5.2. Were data collectors blinded for outcomes assessment? (If outcome is measured using an objective test, such as a lab value, this criterion is assumed to be met.) N/A
  5.3. In cohort study or cross-sectional study, were measurements of outcomes and risk factors blinded? N/A
  5.4. In case control study, was case definition explicit and case ascertainment not influenced by exposure status? N/A
  5.5. In diagnostic study, were test results blinded to patient history and other test results? N/A
6. Were intervention/therapeutic regimens/exposure factor or procedure and any comparison(s) described in detail? Were interveningfactors described? Yes
  6.1. In RCT or other intervention trial, were protocols described for all regimens studied? N/A
  6.2. In observational study, were interventions, study settings, and clinicians/provider described? N/A
  6.3. Was the intensity and duration of the intervention or exposure factor sufficient to produce a meaningful effect? N/A
  6.4. Was the amount of exposure and, if relevant, subject/patient compliance measured? N/A
  6.5. Were co-interventions (e.g., ancillary treatments, other therapies) described? N/A
  6.6. Were extra or unplanned treatments described? N/A
  6.7. Was the information for 6.4, 6.5, and 6.6 assessed the same way for all groups? N/A
  6.8. In diagnostic study, were details of test administration and replication sufficient? N/A
7. Were outcomes clearly defined and the measurements valid and reliable? Yes
  7.1. Were primary and secondary endpoints described and relevant to the question? Yes
  7.2. Were nutrition measures appropriate to question and outcomes of concern? Yes
  7.3. Was the period of follow-up long enough for important outcome(s) to occur? N/A
  7.4. Were the observations and measurements based on standard, valid, and reliable data collection instruments/tests/procedures? Yes
  7.5. Was the measurement of effect at an appropriate level of precision? Yes
  7.6. Were other factors accounted for (measured) that could affect outcomes? No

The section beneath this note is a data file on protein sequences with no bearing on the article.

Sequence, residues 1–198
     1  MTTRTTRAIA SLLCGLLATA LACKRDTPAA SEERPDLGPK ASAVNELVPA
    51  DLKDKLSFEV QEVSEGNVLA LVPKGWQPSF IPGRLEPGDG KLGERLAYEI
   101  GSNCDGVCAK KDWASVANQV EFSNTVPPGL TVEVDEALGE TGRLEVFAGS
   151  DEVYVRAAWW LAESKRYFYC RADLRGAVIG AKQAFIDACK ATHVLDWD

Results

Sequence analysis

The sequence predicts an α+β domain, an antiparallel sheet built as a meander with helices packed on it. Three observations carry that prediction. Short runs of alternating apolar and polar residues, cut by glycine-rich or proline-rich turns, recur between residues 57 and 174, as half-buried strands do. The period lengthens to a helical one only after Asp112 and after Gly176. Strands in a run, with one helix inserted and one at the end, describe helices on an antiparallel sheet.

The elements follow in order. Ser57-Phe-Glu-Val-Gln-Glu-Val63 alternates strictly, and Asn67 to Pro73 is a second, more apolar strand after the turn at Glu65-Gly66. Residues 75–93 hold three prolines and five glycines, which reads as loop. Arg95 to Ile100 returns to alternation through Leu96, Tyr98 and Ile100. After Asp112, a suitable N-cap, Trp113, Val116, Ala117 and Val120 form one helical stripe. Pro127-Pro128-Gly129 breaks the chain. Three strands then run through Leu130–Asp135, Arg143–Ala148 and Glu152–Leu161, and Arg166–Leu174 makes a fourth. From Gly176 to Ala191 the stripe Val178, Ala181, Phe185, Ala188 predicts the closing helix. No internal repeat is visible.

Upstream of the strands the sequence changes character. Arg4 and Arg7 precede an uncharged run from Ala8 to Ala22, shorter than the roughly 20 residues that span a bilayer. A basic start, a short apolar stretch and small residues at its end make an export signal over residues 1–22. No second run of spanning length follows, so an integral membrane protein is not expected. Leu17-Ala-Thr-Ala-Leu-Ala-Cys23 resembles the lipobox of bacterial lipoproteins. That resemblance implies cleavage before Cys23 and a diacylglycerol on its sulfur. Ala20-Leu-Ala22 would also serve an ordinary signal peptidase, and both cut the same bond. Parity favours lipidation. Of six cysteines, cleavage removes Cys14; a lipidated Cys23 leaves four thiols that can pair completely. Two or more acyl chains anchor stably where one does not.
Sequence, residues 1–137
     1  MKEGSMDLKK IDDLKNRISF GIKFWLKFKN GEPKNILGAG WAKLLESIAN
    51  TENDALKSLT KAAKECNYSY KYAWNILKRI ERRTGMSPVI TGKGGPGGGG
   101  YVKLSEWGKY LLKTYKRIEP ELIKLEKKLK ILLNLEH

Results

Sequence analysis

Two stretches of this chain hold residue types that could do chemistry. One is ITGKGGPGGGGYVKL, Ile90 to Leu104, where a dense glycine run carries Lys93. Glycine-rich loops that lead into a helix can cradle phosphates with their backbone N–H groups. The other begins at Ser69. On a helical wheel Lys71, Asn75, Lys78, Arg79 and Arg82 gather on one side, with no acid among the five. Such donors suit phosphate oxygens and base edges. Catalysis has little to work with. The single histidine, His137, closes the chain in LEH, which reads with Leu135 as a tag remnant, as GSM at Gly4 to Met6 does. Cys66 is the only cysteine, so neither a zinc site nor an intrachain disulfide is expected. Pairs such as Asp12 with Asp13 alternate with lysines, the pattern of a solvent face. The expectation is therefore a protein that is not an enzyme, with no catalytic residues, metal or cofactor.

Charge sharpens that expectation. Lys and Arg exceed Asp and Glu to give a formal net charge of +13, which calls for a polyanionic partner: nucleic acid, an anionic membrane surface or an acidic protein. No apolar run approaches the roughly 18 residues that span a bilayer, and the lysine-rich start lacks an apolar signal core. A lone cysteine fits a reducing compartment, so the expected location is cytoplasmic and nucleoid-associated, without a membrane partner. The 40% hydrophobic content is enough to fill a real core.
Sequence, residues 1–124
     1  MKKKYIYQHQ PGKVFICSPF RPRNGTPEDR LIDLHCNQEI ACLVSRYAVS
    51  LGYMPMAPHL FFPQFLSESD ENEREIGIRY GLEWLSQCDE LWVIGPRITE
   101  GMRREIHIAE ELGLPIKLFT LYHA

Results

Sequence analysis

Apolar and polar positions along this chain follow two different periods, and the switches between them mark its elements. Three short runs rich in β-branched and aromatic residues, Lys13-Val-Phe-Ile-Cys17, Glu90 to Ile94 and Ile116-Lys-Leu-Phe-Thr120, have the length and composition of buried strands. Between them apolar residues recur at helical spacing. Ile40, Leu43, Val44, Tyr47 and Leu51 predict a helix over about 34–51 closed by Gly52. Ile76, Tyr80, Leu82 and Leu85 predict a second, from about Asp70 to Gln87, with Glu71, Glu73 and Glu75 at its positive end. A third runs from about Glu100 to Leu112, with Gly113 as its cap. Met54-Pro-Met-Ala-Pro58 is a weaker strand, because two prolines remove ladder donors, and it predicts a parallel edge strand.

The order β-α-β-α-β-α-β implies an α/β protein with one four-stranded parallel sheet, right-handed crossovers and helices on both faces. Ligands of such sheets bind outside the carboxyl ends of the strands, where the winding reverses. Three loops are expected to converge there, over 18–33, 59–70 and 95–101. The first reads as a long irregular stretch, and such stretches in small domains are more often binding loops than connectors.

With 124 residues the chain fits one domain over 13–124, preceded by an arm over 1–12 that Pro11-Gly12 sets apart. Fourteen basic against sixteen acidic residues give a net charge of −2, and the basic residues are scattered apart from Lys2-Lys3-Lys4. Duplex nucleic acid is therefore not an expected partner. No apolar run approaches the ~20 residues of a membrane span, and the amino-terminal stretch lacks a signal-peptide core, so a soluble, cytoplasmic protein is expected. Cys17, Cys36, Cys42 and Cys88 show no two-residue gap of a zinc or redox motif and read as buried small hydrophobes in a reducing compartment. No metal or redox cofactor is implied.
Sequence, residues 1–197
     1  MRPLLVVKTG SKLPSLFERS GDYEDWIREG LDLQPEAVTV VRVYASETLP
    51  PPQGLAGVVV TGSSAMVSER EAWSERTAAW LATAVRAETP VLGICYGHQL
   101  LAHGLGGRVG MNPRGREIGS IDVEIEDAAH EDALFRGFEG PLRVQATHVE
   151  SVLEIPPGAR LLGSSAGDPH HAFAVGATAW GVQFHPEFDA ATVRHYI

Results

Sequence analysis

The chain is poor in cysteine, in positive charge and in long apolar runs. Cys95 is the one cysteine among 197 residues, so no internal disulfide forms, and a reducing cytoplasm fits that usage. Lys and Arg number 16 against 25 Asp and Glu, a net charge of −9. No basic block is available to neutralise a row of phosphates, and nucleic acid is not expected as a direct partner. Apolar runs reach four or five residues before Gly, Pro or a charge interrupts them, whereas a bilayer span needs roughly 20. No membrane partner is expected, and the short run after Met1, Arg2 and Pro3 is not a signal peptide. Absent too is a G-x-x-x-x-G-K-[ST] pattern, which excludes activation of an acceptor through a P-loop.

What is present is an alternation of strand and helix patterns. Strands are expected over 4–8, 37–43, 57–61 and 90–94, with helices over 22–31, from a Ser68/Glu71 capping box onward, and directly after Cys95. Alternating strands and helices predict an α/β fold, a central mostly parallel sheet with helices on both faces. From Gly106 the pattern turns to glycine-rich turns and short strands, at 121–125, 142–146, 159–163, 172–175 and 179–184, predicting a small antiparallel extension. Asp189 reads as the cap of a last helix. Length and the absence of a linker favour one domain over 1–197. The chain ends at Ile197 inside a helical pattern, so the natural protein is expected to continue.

7.7. Were the measurements conducted consistently across groups? Yes
8. Was the statistical analysis appropriate for the study design and type of outcome indicators? No
  8.1. Were statistical analyses adequately described and the results reported appropriately? No
  8.2. Were correct statistical tests used and assumptions of test not violated? ???
  8.3. Were statistics reported with levels of significance and/or confidence intervals? Yes
  8.4. Was "intent to treat" analysis of outcomes done (and as appropriate, was there an analysis of outcomes for those maximally exposed or a dose-response analysis)? N/A
  8.5. Were adequate adjustments made for effects of confounding factors that might have affected the outcomes (e.g., multivariate analyses)? No
  8.6. Was clinical significance as well as statistical significance reported? Yes
  8.7. If negative findings, was a power calculation reported to address type 2 error? No
9. Are conclusions supported by results with biases and limitations taken into consideration? Yes
  9.1. Is there a discussion of findings? Yes
  9.2. Are biases and study limitations identified and discussed? Yes
10. Is bias due to study's funding or sponsorship unlikely? No
  10.1. Were sources of funding and investigators' affiliations described? Yes
  10.2. Was the study free from apparent conflict of interest? No